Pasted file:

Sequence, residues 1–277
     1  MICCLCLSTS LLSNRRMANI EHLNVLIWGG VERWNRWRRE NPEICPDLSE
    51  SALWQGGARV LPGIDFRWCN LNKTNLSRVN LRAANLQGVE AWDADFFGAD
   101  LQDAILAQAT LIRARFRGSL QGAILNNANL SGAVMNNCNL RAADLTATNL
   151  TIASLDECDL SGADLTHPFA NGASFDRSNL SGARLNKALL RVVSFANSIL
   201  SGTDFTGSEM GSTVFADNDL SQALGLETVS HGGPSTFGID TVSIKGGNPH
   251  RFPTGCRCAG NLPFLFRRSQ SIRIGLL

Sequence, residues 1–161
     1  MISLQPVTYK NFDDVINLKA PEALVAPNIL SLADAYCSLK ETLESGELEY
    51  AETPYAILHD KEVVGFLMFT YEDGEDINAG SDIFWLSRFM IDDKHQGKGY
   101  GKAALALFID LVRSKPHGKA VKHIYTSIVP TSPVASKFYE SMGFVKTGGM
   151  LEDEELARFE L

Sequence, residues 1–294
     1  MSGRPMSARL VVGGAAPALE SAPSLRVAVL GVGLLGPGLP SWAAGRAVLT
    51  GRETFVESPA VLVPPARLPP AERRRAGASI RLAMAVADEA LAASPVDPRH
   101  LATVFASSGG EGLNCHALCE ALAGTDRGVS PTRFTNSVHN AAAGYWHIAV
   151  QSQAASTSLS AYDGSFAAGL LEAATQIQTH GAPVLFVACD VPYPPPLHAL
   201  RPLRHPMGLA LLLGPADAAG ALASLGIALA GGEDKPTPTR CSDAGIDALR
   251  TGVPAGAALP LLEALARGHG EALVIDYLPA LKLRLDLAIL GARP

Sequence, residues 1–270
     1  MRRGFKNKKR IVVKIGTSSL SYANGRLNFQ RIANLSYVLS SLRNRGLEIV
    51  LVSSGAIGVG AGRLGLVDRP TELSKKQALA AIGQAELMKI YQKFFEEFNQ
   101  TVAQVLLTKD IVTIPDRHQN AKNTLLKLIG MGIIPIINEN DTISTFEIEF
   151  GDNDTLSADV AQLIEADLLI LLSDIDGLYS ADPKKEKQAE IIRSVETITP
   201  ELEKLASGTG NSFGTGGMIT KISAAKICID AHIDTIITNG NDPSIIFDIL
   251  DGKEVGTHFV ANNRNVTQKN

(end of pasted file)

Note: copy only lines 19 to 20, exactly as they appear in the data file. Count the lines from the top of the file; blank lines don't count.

   251  TGVPAGAALP LLEALARGHG EALVIDYLPA LKLRLDLAIL GARP

Sequence, residues 1–270